geography

#405      40 min 57 sec
What are the keys to a successful urban innovation district?

Julie Wagner

Urban thinker Julie Wagner describes how so-called innovation districts in cities around the world evolve or are planned, and how their reliance on the physical and the local — in even the most high tech of industries — serves to foster creativity and collaboration. Presented by Eric van Bemmel.

#403      39 min 55 sec
Copping it globally: The rise and reach of transnational policing

Prof Ben Bowling

Criminologist Ben Bowling on how policing is increasingly crossing national borders, chasing globalized crime and cyber offenses, and raising serious questions about governance and public accountability. Ben also examines issues around stop-and-search police powers in the global context. Presented by Peter Clarke.

#397      29 min 10 sec
Embracing the finite: Making our way in an era of dwindling natural resources

Prof. Peter Vitousek

Ecologist Prof. Peter Vitousek explores how living in the Anthropocene, a time in which human activity has become the key driver of planetary health, will force us to make our way with diminished natural resources. Peter also asks what we can learn from the historical experience of Pacific Islanders, whose cultural and agricultural practices were shaped by a profound understanding that their immediate horizons were in fact the very limits of their worlds. Presented by Dr Andi Horvath.

#388      34 min 12 sec
The power of a warm welcome: Forging a humanitarian response to refugees amid negative media imagery

Prof Uma Kothari

Are refugees fleeing persecution today generally seen as people who need help, or problems to be pushed away? Migration and refugee researcher Prof. Uma Kothari discusses how media representations of asylum seekers influence us in how we attend and respond to the plight of individuals and groups fleeing their countries in search of safety. Presented by Peter Mares.

#381      28 min 36 sec
Let's get physical: Designing cities with our health in mind

Prof Mark Stevenson

Urban public health researcher Prof Mark Stevenson describes the better human health outcomes to be had in cities that emphasize active transport modes like cycling and walking, while discouraging dependence on cars. Presented by Lynne Haultain.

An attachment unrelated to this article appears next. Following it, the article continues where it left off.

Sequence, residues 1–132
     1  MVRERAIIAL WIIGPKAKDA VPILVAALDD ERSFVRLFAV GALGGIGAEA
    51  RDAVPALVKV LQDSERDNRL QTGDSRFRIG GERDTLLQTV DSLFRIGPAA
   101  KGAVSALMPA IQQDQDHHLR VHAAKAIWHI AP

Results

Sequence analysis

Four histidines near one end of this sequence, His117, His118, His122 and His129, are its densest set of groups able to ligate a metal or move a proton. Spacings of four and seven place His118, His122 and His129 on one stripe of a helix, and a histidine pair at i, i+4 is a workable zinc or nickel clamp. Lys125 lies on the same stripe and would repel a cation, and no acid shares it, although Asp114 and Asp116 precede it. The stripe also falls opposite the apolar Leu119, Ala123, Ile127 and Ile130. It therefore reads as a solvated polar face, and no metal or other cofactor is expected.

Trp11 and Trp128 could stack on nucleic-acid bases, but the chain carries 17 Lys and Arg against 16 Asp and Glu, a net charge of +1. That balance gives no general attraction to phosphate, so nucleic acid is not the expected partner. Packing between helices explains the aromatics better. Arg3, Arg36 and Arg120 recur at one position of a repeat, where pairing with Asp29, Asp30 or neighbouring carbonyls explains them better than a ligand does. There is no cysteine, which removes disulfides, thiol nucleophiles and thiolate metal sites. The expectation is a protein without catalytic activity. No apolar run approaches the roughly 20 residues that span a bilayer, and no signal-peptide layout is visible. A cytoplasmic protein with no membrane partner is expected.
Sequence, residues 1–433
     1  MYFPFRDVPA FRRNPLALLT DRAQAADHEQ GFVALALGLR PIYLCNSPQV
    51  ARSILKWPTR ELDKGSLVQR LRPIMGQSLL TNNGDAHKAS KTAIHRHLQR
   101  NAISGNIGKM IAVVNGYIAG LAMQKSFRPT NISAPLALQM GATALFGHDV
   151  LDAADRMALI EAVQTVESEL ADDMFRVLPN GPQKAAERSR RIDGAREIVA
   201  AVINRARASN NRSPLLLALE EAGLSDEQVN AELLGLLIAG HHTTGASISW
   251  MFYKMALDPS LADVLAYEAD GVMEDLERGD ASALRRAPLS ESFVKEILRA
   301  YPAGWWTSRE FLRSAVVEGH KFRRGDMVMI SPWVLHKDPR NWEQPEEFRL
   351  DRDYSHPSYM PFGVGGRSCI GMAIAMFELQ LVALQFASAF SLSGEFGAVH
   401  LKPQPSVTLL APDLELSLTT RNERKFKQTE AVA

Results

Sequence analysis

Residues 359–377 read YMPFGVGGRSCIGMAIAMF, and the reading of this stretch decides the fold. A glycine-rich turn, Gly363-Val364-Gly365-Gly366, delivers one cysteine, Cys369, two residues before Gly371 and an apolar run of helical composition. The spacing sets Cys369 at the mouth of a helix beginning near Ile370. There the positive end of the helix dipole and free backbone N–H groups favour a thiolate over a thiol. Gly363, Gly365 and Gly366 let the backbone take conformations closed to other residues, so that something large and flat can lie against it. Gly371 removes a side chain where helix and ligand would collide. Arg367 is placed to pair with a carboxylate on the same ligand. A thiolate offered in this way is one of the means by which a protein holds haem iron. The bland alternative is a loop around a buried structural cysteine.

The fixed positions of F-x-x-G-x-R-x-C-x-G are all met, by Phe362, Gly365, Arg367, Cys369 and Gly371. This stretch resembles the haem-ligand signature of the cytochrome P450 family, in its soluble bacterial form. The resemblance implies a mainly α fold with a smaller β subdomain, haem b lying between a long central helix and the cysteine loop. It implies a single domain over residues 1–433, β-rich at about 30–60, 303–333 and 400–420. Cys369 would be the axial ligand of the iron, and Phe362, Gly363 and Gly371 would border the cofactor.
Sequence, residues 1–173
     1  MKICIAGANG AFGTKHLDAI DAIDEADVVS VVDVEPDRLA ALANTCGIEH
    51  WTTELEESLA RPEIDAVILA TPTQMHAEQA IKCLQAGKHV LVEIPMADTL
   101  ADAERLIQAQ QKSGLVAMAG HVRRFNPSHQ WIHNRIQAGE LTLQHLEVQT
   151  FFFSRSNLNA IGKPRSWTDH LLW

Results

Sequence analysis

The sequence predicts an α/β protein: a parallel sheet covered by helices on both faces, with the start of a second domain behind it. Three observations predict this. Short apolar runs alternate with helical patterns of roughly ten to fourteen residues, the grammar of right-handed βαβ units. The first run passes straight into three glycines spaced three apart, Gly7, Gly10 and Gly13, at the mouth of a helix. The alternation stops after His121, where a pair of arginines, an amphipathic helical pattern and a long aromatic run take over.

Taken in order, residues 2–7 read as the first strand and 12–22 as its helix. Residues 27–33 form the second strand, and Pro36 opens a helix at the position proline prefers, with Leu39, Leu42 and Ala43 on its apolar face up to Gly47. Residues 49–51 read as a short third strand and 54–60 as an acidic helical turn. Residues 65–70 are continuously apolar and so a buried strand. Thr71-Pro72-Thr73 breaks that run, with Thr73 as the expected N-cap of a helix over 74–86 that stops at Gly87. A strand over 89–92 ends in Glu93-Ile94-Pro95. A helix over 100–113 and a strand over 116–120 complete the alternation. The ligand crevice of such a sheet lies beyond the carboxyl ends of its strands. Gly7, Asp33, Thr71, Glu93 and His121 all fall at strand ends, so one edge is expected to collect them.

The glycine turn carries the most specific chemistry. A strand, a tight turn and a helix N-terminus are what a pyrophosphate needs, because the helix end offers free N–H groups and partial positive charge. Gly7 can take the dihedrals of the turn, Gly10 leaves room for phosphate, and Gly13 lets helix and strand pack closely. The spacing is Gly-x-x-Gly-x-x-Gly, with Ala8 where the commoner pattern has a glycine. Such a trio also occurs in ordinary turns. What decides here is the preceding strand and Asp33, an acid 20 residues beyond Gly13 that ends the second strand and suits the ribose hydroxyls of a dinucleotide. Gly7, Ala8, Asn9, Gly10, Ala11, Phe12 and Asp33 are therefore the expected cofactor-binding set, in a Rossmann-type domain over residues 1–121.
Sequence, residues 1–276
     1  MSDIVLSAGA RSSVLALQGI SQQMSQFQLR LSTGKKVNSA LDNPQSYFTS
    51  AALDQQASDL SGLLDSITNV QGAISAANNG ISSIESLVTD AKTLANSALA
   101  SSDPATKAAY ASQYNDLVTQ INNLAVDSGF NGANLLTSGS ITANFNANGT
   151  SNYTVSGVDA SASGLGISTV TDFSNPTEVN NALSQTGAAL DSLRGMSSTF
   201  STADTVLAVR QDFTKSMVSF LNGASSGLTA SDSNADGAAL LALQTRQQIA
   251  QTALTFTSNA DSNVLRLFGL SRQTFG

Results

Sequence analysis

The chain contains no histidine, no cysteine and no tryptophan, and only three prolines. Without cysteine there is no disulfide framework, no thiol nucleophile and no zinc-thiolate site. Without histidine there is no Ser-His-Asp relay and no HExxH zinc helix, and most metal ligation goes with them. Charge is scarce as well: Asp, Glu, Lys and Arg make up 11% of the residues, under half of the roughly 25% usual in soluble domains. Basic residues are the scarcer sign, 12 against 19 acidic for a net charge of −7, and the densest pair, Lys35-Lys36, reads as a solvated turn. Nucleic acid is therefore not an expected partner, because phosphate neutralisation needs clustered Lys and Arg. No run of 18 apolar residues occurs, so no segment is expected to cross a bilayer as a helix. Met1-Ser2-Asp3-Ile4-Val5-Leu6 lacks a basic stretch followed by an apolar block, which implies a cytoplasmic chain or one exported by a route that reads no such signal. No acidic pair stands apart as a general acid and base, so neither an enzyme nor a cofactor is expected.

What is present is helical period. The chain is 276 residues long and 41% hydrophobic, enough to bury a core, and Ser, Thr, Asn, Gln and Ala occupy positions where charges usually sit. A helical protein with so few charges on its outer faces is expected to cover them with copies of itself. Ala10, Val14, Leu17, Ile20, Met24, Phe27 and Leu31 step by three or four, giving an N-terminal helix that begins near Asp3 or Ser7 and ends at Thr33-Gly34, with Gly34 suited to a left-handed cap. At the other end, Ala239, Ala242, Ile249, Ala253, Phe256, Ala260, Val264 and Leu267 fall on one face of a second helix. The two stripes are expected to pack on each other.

#375      30 min 55 sec
Ear to the ground: Preparing for and recovering from earthquakes

Assoc Prof Mark Quigley

Earthquake researcher Assoc Prof Mark Quigley explains the lessons learned from recent major earthquakes into how to better prepare regions at risk, the value of strong science communication to affected populations during crisis, and the importance of developing appropriate building codes in anticipation of the Next Big One. Presented by Dr Andi Horvath.

#356      37 min 36 sec
Digital "dischord": How technology and markets are bleeding our musical artists

Prof Andrew Leyshon

Economic geographer Prof Andrew Leyshon charts the rapid changes in the music industry since the 1990s, how new technologies are changing how music is made and consumed, and how artists are affected. Presented by Peter Clarke.

#351      33 min 31 sec
Weeds girdle the globe: The marauding march of invasive plant species

Prof Roger Cousens

Plant population specialist Prof Roger Cousens talks about how the spread of undesirable plants, or "weeds", has dramatically redefined the world’s natural landscapes and coastlines, and what this means for us economically, aesthetically and environmentally. Presented by Dr Andi Horvath.

#350      35 min 51 sec
Superdiversity: Policy challenges in an age of unprecedented migration

Prof Jenny Phillimore

Migration researcher Prof Jenny Phillimore explains how the recent global phenomenon of superdiversity is challenging policy makers and service providers to rethink housing and health care in our cities and beyond. Presented by Lynne Haultain.

#338      41 min 04 sec
Man about town: Neil Brenner on reframing our cities and their global impact

Prof Neil Brenner

Renowned urban theorist Neil Brenner argues that the widespread notion we live in an “urban age” as people move increasingly into cities is fundamentally flawed. He also suggests that “urbanization” be redefined to include the profound impact of city growth on ever more distant hinterlands. Presented by Peter Mares.